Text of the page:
Cut-Off Wall - Abandoned Mine Tailings Pond - Case Study

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Courtesy of C3 Environmental Limited

Problem

At an abandoned mine in the Yukon Territory, mining for both Gold and Zinc took place until the mid 1950's, with the processing of the ore taking place on the banks of an adjacent lake. Processing methods resulted in the creation of a large mine tailings pond that had high concentrations of iron, arsenic, zinc and lead. Spring runoff and summer rainfall then infiltrated through the pond resulting in contamination of the lake with heavy metals. The lake is a primary source of drinking water and the prevention of further contamination of this water supply was required as part of the an aboriginal land settlement claim.

Solution

The site remediation plan was based upon the installation of a vertical Waterloo Barrier® cut-off wall along the down gradient side of the former tailings pond to act as a barrier to prevent contaminated ground water from entering the lake. This barrier was to be placed as close as possible to the lake shore. Once the barrier was in place a clay cap would be installed to prevent surface water from entering the pond and thus prevent further migration of contaminants into the lake. As shown in Figure 1, the tailings pond was bounded by the Highway on the up gradient side.

The Waterloo Barrier® system was selected as the cut-off wall because of the difficult soil conditions, the low conductivity of the system, and the need to seal the system to a bedrock surface. Because of the remote location and high transportation costs, extensive preparatory geotechnical work was done to define the bottom profile of the barrier. This allowed for the sheet piling to be precut to design lengths at the mill prior to shipping to reduce waste.

Approximately 12,000 square feet of Waterloo Barrier® WZ75 sheet piling was installed, in varying depths (from 25 to 15 feet), following the bedrock profile along the down gradient side of the former tailings pond. As can be seen in Figure 2 the preparatory geotechnical work was very beneficial as only one unexpected rock outcropping was encountered. The sheet pile driving was completed using a 2,500 lb impact hammer and a mobile crane.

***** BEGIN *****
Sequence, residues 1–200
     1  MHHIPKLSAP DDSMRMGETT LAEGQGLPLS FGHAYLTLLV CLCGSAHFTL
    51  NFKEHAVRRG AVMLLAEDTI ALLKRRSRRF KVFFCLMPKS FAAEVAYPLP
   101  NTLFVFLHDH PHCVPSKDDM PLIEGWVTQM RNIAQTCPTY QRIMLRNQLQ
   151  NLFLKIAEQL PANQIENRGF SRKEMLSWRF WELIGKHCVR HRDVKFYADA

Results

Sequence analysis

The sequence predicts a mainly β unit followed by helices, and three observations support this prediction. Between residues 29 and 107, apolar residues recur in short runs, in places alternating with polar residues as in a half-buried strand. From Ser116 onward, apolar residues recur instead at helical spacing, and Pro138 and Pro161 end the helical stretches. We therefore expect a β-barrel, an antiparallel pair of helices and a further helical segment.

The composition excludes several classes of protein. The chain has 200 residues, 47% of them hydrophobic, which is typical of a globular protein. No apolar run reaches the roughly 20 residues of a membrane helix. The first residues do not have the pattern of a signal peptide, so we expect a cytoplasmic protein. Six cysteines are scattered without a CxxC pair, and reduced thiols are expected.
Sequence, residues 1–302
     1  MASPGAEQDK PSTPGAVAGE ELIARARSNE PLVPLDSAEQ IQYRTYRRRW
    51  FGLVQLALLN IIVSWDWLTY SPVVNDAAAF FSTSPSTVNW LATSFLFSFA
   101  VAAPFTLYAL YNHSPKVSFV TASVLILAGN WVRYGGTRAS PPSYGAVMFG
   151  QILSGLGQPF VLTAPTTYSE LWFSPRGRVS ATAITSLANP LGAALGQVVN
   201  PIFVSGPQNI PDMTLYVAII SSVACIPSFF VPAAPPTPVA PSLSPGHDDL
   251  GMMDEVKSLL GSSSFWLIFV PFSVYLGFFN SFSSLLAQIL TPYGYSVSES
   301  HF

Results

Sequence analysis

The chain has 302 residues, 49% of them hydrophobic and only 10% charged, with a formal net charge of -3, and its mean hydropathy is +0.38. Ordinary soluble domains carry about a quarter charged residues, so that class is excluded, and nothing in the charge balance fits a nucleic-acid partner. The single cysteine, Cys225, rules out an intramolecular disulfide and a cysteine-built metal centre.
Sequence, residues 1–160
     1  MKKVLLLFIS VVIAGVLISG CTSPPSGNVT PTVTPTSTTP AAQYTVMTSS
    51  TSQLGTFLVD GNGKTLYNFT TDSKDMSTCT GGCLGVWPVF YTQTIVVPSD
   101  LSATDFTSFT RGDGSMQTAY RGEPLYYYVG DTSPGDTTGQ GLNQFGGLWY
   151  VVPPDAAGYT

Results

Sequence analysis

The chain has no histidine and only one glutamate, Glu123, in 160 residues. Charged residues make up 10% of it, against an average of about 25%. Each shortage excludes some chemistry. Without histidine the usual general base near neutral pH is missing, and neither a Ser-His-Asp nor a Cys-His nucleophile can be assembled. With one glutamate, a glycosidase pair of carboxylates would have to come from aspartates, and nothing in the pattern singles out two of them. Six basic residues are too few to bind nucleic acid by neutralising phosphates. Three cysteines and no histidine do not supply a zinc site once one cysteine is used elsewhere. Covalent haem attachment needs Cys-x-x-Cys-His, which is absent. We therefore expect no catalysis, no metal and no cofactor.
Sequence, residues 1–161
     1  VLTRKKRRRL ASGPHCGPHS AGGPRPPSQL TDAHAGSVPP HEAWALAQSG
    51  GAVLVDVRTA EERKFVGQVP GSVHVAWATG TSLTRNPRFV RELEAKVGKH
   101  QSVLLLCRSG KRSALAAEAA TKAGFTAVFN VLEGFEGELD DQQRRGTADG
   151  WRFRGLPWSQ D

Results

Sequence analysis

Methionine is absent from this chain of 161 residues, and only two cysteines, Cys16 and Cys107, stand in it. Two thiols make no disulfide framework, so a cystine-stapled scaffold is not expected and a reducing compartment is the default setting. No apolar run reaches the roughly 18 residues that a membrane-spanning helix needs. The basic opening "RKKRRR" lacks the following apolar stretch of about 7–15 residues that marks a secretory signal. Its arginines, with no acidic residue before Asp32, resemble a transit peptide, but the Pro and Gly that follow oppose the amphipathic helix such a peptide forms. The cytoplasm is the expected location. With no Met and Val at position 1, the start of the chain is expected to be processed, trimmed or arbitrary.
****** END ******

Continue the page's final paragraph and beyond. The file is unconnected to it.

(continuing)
The specifications called for driving the pile into the fractured bedrock until refusal to aid in ensuring a seal at the bottom of the barrier. During operations a drainage culvert from the Highway was discovered. This unexpected obstacle required a penetration in the barrier. This was accomplished by excavating the barrier at the location of the culvert and torch cutting a hole in the barrier. The culvert was installed through the hole and a concrete bulkhead cast to seal the penetration. The completed bulkhead is shown in Figure 3.

The joint sealing operation was completed in two phases. During the first phase, a mechanical packer was inserted to the base of the sheet pile joint and once inflated the sheet pile/bedrock interface was pressure grouted. During the second phase, standard joint grouting operations were completed using a silica fume modified cementitious grout (WBS-301) to seal the joint on the sheet piling.

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